NCAA Football News

USC Practice Notebook: Cody Kessler vs. Jared Goff, Winning the Turnover Battle

LOS ANGELES — Turnovers will be in limited supply Thursday when USC hosts Cal, assuming the two teams follow season-long trends. 

When a takeaway comes along, USC head coach Steve Sarkisian said it's crucial the Trojans parlay it into points. 

"We need to capitalize on turnovers," he said, speaking after practice Tuesday at Howard Jones-Brian Kennedy Field. "We need to take advantage of maybe creating some short fields for ourselves and then maintaining taking care of the football offensively to make them work their way down the field.

"We can't give an offense like that short fields," Sarkisian added. 

The Trojans coach cited USC's plus-nine turnover margin to Cal's even ratio. In terms of actually giving up the ball, however, the two teams have been considerably more comparable. 

Cal ranks No. 38 in the Football Bowl Subdivision with just 13 turnovers lost. USC is even better, having given away just eight possessions to rank sixth nationally. 

Both can thank the steady play of their quarterbacks. USC's Cody Kessler and Cal's Jared Goff are among the most prolific scorers in the nation with 25 and 27 touchdown passes apiece, respectively, but their lofty numbers are not the result of high-risk, high-reward mentalities. 

As good as each is at getting his team in the end zone, both Kessler and Goff are equally adept at maintaining their squad's possessions.  

Goff has thrown just four interceptions in 372 attempts—one every 93 passes. Kessler has been picked off twice in 297 passes, or once every 148.5 attempts. 

Cal head coach Sonny Dykes credited Goff's improved ball protection to the Golden Bears starting stronger this season than in the quarterback's freshman campaign when he threw 10 interceptions.

"The biggest thing is his comfort level and the understanding of the offense," Dykes said. "He has a better anticipation, a better sense for what's going on.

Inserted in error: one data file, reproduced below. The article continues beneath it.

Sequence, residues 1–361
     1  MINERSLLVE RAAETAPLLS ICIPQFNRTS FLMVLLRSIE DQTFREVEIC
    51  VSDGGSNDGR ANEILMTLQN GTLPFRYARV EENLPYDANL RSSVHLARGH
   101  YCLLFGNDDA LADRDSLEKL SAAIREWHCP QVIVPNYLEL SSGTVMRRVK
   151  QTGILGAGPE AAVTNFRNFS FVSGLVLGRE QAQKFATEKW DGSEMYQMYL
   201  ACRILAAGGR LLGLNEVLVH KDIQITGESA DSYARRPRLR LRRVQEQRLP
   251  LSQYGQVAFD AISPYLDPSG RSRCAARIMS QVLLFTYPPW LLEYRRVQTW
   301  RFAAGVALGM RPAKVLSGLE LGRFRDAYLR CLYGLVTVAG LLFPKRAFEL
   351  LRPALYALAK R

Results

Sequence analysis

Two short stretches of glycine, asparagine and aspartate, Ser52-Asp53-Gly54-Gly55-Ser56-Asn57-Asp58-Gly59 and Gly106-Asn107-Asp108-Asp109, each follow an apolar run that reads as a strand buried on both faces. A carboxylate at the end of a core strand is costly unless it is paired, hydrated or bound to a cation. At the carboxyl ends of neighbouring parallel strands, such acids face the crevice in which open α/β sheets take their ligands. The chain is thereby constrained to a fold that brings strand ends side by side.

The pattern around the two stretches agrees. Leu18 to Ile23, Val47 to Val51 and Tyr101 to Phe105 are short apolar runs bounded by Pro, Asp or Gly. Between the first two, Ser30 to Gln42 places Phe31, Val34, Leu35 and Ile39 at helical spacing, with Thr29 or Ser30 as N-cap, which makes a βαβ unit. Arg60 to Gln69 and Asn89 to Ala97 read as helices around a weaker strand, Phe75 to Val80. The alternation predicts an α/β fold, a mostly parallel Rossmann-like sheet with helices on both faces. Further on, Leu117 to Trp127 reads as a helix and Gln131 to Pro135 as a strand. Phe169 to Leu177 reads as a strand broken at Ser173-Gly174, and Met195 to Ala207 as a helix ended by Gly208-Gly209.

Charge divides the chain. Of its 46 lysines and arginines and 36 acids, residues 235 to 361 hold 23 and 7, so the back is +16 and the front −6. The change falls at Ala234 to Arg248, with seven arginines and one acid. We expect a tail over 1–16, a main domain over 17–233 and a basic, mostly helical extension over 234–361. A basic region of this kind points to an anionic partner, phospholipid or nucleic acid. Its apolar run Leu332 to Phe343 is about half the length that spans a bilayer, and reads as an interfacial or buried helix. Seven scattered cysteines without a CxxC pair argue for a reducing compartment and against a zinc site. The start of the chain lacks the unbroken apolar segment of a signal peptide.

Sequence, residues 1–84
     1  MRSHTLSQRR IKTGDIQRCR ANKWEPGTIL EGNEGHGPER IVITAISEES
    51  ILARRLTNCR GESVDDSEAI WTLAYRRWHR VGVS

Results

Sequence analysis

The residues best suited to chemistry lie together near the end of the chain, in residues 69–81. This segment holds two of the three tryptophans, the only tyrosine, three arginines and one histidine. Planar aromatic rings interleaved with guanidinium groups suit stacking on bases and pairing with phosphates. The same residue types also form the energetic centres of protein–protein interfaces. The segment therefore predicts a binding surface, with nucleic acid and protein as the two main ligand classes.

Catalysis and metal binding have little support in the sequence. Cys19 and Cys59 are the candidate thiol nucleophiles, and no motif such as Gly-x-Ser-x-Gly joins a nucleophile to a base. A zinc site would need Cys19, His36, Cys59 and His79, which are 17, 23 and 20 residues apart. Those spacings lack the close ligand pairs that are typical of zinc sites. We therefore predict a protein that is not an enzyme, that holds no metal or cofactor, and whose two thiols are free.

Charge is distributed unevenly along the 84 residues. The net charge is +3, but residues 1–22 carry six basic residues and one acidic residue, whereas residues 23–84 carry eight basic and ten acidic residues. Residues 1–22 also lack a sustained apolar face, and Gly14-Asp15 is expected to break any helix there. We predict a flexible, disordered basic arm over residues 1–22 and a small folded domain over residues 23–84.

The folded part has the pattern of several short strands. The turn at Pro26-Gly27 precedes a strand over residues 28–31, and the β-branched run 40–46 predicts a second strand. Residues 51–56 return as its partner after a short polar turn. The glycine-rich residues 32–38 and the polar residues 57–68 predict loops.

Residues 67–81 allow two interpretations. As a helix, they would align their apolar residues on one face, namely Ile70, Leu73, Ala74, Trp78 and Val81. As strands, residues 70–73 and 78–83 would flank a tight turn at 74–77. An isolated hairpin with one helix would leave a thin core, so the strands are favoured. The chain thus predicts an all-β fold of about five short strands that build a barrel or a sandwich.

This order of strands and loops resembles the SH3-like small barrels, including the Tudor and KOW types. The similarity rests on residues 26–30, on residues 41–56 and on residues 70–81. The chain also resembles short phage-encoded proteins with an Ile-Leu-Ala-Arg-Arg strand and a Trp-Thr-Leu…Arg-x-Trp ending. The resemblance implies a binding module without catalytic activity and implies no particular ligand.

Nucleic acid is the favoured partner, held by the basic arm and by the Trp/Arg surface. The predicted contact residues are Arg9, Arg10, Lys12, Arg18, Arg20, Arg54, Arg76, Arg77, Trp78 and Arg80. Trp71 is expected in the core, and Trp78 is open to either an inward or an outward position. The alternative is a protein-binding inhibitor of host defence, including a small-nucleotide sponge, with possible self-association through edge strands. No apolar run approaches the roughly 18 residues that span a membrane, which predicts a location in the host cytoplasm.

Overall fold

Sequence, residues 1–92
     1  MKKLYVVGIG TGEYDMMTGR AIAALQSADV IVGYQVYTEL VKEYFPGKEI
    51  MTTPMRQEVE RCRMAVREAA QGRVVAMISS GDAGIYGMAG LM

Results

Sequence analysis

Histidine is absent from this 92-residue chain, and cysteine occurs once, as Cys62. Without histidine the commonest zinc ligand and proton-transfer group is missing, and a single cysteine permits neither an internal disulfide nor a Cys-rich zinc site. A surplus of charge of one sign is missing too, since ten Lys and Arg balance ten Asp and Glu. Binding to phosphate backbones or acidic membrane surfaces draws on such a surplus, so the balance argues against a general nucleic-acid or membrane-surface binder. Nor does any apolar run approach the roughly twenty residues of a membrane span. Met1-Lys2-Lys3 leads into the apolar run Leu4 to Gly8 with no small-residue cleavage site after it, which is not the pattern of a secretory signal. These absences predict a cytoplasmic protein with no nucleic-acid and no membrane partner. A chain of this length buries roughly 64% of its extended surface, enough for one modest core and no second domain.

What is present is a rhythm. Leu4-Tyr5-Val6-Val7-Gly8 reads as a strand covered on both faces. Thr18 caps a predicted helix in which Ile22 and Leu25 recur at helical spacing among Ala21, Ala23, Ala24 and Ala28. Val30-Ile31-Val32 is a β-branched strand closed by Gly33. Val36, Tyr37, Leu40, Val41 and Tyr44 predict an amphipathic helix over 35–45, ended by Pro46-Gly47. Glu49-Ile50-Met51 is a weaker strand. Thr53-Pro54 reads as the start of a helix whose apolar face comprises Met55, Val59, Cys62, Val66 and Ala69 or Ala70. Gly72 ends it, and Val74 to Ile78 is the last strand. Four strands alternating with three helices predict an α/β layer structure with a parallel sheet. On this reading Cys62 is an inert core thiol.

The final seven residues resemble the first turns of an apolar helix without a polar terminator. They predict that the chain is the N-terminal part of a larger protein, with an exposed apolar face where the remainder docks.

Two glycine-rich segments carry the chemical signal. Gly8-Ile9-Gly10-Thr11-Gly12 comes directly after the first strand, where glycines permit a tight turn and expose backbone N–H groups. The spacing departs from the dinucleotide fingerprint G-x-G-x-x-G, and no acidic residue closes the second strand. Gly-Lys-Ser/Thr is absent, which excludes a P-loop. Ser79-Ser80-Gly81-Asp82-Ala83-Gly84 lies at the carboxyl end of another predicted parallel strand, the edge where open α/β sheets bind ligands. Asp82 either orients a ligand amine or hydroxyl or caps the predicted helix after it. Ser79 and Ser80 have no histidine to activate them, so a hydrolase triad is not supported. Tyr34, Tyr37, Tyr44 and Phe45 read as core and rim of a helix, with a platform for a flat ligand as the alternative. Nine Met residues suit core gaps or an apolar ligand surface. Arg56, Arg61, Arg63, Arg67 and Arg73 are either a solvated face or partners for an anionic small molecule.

"The most important attribute that good quarterbacks have is confidence," Dykes added. "He's starting to play with a lot of confidence."  

In turn, the Golden Bears in general are more confident, and the result is a 41.9 point-per-game average. 

Sarkisian's taken notice. He said the Trojans must score at least 35 points to win. 

That's a number USC has hit in three of its last four wins. And in those three victories, Kessler has a remarkable 14 touchdown passes with no interceptions. 

In his last outing against Washington State, Kessler went 21-of-32 for 400 yards and five scores. That got the attention of Cougars head coach Mike Leach, who commented on Kessler's play Tuesday on the coaches teleconference. 

"He doesn't take any chances. That's the biggest thing," Leach said of Kessler. "They do a lot of things to make sure he's successful."  

Those "things," according to Leach, include using play-action fakes to "bait" defenders, then "he does a good job throwing to the open man." 

It's a very simple formula, albeit one that could dictate the outcome of Thursday's game. 

 

To Blitz or Not to Blitz  

Don't expect USC defensive coordinator Justin Wilcox to call for many blitzes against Cal. The Trojans have run the fewest blitzes of any team in the power-five conferences. 

More specifically, USC's two games with the lowest percentage of blitzes called, per USCFootball.com's Ryan Abraham, were against Boston College and Washington State. 

Cal's offense bears similarities to that of Washington State, as Dykes is a branch off the Leach coaching tree. Dykes also uses backup quarterback Luke Rubenzer for zone-read plays in the same vein as Boston College's Tyler Murphy.

According to Sarkisian, that's unlikely to change based on what he described as play-calling to the team's strengths. 

"We've got a really good front seven," Sarkisian said. "We take pride in our front four and what they can do. Also, we understand that we have some youth in the secondary. We need to take care of those guys to make sure we're minimizing the big [pass] play."